“I think there are certain places in U.S. where e-bikes just make lot of sense due to factors such as hills, heat or even bad land use,” said Neufeld. “Cities like Memphis and Phoenix are really sprawled out and don’t lend themselves well to bicycling.”
In some especially hilly cities, bikeshare bikes tend to accumulate in low-lying areas and need to be redistributed by trucks at night to move them to higher ground. E-bikes could easily remedy that issue.
Seattle (a city that some have suggested may be too hilly for bikeshare), recently applied for a $10 million federal TIGER grant to expand its bikesharing system and add e-bikes to its fleet.
However, it’s not likely every bikeshare fleet in the near future will – or needs to – go electric. In relatively flat cities like Chicago and New York City, it might not ever make sense to move away from traditional bikesharing bikes, says Neufeld.
Cities can also do more to address obstacles to cycling that, unlike the weather, are within their control. Active transportation advocates and local governments need to work together to better prioritize the creation of bike infrastructure that makes it safer, easier and more pleasant to ride – improvements that are meaningful to traditional and electric bikesharing systems alike.
“If a city has good cycling infrastructure, it is going to have good e-bike infrastructure,” said Neufeld.
New Neighborhoods & Uses
Another benefit of e-bikes is that they can also help people travel farther, potentially extending the reach of bikesharing systems to new neighborhoods and to a much wider geographic audience. In this way, e-bikes can turn bikeshare into more regional systems, instead of systems limited largely to downtown areas.
Since people can travel greater distances, bikesharing can be also used for different kinds of trips, as opposed to just short rides within a city’s core. In fact some have suggested that, by allowing riders to go farther, the e-bike can be a “car-killer” that makes cycling more competitive with private auto trips or transit.
The Path to E-Bikes
By enabling longer trips, e-bikes might also change the way bikesharing works, necessitating new business models and pricing structures. But the challenges don’t end there. According to Neufeld, other issues to consider include cost and changes to station technology.
“The number one challenge is cost,” said Neufeld. “E-bikes are more expensive, and maintenance will also cost more, particularly as it relates to the bikes’ batteries, which will wear out over time.”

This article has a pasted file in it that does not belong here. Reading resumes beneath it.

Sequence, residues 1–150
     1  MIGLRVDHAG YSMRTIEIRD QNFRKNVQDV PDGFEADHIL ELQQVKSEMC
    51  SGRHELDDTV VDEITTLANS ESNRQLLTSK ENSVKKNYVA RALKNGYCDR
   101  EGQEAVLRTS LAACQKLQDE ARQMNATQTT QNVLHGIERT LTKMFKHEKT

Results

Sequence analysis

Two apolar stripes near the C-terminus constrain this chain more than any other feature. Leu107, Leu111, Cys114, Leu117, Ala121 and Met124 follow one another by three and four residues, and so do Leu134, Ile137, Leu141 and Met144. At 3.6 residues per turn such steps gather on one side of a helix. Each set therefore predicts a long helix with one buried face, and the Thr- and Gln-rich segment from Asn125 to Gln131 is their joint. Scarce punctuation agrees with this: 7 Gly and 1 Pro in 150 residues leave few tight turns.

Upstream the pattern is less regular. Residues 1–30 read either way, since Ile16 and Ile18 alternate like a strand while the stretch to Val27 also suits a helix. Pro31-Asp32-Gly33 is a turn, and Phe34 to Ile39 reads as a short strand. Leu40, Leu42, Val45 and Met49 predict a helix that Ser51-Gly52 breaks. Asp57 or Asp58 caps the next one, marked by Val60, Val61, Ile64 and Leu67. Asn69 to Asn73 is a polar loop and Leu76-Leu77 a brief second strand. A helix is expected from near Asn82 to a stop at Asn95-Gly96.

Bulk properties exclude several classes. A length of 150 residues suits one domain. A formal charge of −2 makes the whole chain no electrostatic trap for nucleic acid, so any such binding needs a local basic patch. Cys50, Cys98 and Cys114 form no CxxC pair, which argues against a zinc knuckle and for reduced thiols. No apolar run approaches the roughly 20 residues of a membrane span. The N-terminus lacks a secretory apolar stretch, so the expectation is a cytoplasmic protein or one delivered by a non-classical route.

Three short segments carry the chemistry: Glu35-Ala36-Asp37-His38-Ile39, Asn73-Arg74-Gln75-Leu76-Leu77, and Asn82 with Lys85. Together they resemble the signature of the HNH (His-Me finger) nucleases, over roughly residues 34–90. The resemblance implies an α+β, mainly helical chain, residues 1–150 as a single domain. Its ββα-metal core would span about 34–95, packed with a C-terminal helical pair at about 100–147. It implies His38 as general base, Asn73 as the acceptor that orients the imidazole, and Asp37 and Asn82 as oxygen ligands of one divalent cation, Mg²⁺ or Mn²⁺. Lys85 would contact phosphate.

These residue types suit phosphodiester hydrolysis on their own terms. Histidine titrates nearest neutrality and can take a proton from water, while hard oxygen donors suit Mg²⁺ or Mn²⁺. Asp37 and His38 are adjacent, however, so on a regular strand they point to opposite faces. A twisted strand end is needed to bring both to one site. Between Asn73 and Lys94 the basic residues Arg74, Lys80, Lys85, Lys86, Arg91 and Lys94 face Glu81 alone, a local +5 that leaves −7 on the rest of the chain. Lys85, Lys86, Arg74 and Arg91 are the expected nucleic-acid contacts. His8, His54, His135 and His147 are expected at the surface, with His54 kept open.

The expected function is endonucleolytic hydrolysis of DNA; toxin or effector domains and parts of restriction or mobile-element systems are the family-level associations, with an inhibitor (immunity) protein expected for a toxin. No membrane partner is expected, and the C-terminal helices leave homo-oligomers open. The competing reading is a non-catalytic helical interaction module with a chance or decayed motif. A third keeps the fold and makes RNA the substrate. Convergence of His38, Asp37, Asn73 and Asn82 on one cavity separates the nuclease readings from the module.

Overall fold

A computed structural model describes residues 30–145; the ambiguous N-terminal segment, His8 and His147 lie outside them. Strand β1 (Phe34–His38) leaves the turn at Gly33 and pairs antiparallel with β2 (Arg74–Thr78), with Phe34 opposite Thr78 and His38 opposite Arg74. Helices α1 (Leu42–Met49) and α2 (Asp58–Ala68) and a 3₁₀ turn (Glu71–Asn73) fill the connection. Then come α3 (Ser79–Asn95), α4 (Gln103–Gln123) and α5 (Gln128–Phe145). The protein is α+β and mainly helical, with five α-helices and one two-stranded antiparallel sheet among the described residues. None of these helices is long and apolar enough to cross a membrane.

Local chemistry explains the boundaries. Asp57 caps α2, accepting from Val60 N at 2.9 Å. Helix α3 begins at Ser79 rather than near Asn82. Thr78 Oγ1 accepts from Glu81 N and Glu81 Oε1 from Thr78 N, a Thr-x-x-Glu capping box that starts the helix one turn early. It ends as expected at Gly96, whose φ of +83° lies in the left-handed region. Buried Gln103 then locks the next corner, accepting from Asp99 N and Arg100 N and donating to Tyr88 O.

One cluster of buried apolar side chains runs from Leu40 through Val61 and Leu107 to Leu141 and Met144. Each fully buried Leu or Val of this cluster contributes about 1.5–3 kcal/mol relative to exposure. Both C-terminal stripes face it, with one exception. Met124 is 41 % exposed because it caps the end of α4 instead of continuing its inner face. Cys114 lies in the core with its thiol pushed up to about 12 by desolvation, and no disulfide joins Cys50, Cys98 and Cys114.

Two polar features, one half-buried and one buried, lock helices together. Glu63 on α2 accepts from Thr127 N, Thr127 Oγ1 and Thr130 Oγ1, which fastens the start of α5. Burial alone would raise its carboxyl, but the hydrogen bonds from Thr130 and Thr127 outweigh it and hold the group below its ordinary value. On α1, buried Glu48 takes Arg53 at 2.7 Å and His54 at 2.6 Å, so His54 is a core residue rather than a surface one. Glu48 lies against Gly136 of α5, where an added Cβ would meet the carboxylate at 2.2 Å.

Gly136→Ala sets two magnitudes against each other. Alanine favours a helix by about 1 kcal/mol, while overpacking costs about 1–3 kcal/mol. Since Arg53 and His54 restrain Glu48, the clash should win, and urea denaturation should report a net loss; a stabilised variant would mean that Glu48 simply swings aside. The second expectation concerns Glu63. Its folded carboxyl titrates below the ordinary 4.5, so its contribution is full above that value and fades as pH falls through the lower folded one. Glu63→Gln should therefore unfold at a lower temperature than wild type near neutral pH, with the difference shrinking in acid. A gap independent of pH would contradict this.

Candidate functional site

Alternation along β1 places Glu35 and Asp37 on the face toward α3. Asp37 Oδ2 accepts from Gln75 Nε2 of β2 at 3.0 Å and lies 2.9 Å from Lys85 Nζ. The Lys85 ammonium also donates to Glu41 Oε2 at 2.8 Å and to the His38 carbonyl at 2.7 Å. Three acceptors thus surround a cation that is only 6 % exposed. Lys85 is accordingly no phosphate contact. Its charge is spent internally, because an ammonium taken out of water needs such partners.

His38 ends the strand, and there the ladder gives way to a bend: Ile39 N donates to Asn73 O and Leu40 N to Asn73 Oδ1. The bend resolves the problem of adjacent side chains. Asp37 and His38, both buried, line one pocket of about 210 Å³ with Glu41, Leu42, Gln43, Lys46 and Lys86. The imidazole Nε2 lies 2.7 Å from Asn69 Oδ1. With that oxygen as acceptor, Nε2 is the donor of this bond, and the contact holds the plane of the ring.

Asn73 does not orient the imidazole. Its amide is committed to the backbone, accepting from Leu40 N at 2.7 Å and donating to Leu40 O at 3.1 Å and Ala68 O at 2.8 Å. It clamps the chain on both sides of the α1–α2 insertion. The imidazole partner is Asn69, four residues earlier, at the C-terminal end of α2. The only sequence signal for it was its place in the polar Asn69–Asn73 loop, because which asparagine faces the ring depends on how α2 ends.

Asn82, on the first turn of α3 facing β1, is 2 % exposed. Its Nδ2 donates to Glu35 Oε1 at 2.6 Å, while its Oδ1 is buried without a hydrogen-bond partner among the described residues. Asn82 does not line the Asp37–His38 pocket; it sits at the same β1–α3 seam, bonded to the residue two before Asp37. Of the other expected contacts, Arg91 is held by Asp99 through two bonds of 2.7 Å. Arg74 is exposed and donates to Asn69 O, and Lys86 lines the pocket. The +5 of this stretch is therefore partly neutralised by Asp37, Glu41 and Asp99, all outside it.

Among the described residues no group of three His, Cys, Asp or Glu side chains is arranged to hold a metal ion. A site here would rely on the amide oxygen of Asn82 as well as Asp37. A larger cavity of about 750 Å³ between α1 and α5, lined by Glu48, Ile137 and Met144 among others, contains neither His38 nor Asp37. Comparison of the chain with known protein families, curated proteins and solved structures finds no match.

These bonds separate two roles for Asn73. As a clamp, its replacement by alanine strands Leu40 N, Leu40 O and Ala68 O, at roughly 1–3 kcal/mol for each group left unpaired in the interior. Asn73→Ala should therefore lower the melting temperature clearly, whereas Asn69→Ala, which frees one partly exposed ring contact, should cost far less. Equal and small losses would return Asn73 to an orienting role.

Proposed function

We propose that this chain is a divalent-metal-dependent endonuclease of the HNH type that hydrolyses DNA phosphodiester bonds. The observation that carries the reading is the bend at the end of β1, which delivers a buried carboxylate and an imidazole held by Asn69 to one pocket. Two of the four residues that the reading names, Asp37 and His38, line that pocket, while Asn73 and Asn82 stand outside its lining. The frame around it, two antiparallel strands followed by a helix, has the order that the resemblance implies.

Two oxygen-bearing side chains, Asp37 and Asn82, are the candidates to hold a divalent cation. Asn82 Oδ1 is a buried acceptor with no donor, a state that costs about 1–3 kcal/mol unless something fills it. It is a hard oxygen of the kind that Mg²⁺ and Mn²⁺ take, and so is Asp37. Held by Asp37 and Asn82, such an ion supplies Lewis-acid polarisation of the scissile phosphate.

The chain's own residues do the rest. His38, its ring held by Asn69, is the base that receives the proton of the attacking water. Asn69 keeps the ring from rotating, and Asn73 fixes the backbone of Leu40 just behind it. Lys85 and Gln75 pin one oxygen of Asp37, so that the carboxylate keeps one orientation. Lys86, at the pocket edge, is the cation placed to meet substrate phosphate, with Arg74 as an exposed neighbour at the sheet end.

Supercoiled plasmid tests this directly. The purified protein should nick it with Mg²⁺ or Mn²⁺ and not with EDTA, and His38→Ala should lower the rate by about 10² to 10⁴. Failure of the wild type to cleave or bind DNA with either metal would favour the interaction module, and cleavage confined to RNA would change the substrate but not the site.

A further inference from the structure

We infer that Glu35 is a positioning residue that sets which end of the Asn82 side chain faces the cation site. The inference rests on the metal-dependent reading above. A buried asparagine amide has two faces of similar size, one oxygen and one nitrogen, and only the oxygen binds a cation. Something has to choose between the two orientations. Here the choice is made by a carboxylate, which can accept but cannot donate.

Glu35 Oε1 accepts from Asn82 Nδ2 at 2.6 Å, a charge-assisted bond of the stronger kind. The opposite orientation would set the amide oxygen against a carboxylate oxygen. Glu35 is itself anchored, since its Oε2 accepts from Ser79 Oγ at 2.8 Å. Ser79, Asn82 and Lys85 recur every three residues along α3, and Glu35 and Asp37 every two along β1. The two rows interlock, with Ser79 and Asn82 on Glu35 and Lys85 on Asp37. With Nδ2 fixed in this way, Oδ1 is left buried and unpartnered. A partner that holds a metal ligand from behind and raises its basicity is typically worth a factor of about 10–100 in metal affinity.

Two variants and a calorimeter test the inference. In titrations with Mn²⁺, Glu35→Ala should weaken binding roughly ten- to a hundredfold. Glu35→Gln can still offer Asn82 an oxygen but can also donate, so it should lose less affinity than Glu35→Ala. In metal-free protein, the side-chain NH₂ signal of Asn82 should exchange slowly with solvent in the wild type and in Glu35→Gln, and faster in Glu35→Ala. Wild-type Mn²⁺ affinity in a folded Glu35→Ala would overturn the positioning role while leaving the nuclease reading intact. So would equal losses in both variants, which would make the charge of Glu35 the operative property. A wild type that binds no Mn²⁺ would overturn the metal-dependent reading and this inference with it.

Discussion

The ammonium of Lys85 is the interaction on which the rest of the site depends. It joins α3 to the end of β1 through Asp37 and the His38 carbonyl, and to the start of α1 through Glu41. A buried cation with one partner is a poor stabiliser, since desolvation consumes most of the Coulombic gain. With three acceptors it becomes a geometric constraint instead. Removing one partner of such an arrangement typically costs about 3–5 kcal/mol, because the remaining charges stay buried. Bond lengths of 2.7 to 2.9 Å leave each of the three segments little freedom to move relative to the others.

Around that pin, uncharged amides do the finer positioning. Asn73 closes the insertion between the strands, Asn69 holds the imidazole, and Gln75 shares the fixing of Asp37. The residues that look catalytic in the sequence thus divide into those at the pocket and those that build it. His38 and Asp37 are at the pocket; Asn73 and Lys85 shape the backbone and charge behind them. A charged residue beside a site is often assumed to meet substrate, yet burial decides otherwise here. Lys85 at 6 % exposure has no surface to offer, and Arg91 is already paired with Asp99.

Copenhagen, with its sophisticated e-bikesharing system, has been criticized on cost and has encountered some financial problems.
Another major factor to consider is station technology and power. Most bikesharing systems currently use free-standing, solar-powered stations, which Neufeld calls one of the biggest innovations in bikesharing to date.
“They are mobile nature and easy to manage,” he said. “You don’t need every station to be a construction project. E-bikes, on the other hand, need to charge when in the station, which means they have to connect to a city’s power grid somehow. You have to dig a trench and run an electric line, which means you need to get permits and coordinate with other agencies. It can be a big deal.”
The more extensive needs of e-bikes also mean it might not make sense to have mixed manual/electric bikesharing systems, says Neufeld, despite the fact that some early adopters such as Birmingham and Barcelona are exploring that model.
Overall, however, the challenges dim in comparison to the promise that e-bikes hold. There’s no doubt ebikesharing is coming soon to cities across the nation, which will only expand the important role bikesharing systems already play in offering first and last mile connections to transit and providing excess capacity during peak travel times.
By expanding the number of mobility options available to residents – and ensuring sufficient infrastructure is in place to support these new modes – cities can help further increase access to transportation and make it more possible than ever before to live well without owning a car.
We look forward to tracking the progress of e-bikesharing as cities such as Birmingham and San Francisco launch their systems later this year, and will be exploring the trend of e-bikes and electric carsharing cars in a special session at SUMC’s national shared mobility summit Move Together on September 28-30 in Chicago. We hope to see you there!